Chuck's involvement with other people:
- In episode 5.09, The Real Ghostbusters, while stalling to give Sam and Dean time to lay the ghosts to rest, Chuck mentions that the girl he lost his virginity to later told everyone it didn't count. On my second watch of the series, this was my first clue that the writers were playing around with "Chuck = God" in various ways. It's a wonderful way to describe the birth of Jesus to the virgin Mary.
Chuck's involvement with angels:
- Chuck doesn't like being around angels much, and he maintains his guise when among them. At the end of 4.18, he concedes to Zachariah's command that he continue to write.
- But it's with Castiel that Chuck's true nature comes out, and we see him not only break many of his own imposed rules, but also show a level of true emotion he doesn't show often.
- In Episode 4.22, Lucifer Rising, Dean and Castiel surprise Chuck again, when they arrive to get his help finding Sam and Lilith. An archangel arrives and Castiel stays to hold it off while Dean goes to help Sam. There's a wonderful shot of Castiel and Chuck, standing side by side, as light fills the window. And before the scene ends, Chuck reaches up, places his hand on Castiel's shoulder, and gives him an encouraging half-smile. This is a major break in character for Chuck, who has so far been cowardly and desperate to be kept out of events. He certainly can't help or even offer much in the way of morale support for Castiel, who may die fighting a more powerful angel. But that's not what this is. This is a father, seeing the one son who's finally getting the point of this "free will" thing, and being proud of him.
- In 5.01 again, despite Castiel having "exploded", according to Chuck, he appears at full strength, and later reveals he doesn't know how he survived his battle. The only possibility is that God brought him back.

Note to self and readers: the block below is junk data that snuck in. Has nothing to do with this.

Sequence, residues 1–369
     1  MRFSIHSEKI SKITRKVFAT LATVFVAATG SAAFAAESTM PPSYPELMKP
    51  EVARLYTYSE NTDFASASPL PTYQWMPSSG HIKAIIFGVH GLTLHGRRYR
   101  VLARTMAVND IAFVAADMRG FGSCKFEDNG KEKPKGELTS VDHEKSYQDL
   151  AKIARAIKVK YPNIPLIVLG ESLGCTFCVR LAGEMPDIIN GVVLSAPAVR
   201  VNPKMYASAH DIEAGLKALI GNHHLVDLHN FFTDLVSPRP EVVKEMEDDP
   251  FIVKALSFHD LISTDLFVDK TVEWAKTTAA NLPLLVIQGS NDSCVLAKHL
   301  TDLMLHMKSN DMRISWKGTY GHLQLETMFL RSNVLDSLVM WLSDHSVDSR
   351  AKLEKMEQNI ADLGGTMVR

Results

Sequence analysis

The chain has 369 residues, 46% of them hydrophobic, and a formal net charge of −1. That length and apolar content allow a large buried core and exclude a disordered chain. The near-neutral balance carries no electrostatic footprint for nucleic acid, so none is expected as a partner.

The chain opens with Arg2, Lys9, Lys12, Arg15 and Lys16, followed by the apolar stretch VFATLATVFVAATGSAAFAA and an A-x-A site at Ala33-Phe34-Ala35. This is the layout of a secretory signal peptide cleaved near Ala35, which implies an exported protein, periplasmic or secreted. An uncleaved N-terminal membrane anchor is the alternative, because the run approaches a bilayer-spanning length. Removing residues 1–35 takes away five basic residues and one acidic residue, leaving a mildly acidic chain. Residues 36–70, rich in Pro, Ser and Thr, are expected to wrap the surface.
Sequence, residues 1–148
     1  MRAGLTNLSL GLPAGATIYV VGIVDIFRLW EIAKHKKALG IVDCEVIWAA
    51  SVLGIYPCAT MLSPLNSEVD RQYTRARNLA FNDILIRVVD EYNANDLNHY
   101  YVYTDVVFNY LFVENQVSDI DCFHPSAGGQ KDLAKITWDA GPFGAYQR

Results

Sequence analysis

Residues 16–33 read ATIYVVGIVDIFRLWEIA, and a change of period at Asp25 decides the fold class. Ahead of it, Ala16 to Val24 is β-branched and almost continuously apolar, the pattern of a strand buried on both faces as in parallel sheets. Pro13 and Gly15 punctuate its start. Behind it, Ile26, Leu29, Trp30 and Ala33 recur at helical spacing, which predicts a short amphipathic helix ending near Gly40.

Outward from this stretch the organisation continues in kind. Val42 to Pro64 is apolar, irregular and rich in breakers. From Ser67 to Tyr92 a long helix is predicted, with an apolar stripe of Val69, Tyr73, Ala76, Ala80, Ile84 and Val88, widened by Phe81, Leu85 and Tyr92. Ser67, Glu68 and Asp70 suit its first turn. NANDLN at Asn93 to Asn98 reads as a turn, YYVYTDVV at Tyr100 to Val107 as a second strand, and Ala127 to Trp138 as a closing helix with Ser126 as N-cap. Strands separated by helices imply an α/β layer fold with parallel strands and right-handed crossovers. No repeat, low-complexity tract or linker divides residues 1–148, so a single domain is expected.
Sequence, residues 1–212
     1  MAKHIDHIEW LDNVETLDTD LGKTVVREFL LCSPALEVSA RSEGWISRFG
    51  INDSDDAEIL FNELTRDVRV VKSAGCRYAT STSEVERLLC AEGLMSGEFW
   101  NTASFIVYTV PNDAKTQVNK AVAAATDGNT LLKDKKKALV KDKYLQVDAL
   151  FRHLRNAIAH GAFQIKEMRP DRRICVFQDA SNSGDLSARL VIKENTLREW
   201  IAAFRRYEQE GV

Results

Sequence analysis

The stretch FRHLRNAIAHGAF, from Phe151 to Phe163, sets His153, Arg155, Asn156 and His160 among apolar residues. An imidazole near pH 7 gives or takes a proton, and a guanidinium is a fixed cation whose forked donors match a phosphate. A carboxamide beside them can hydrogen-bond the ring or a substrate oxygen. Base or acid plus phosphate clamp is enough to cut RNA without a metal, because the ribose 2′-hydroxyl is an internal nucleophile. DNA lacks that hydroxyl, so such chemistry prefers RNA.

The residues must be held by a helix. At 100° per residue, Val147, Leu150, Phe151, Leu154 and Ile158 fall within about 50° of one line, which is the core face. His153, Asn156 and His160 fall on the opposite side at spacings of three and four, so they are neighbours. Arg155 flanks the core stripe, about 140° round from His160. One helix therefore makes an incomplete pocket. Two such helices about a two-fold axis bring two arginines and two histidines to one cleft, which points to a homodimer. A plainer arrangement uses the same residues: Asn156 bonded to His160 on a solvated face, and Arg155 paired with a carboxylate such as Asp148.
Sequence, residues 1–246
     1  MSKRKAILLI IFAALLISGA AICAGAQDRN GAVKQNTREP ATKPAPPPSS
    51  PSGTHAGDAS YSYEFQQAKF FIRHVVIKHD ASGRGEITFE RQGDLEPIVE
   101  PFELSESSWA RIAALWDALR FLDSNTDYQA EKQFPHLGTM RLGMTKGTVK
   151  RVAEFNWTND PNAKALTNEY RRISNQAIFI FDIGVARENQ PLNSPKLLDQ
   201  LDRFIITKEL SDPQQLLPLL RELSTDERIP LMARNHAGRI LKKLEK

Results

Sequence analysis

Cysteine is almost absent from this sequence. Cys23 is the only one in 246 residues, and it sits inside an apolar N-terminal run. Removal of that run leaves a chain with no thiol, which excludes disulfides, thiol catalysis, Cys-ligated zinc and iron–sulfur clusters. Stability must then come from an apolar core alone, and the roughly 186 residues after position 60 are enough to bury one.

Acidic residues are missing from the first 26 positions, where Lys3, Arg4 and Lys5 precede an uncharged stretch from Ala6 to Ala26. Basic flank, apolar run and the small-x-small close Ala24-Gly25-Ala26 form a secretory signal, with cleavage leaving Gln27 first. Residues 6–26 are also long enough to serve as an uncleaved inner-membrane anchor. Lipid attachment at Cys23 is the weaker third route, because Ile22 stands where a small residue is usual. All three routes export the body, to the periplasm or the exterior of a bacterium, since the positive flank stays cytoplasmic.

- Episode 5.22 has been mentioned above, as the ultimate proof of Chuck's divinity. But it's also the ultimate proof of his love for Castiel. Humans are expected to fight and make their own decisions. But angels were literally built to serve. The ones who've shown anything close to free will have all been selfish and destructive. Except Castiel. He's the one who took a stand, facing down Lucifer to give Sam and Dean a fighting chance. And he is killed for it. But, it gives Dean the space he needs to talk and reach Sam. And so, Castiel is put back together, restored, more powerful than ever. When all of your other children have been so blindly self-righteous, either slaves to doctrine or violent rebels, what father wouldn't break all the rules, again, and reward the one son who not only understood the lesson of free will, but used that freedom not to earn glory or become to hero, but to sacrifice himself so that someone else could save the day?
- Of course, Castiel still has a lot to learn, and makes plenty of mistakes from here on out, but by the end of Season 9, he understands that the angels need to learn free will, and to make their own decisions. If he succeeds, he will achieve something God obviously failed to do, surpassing his father.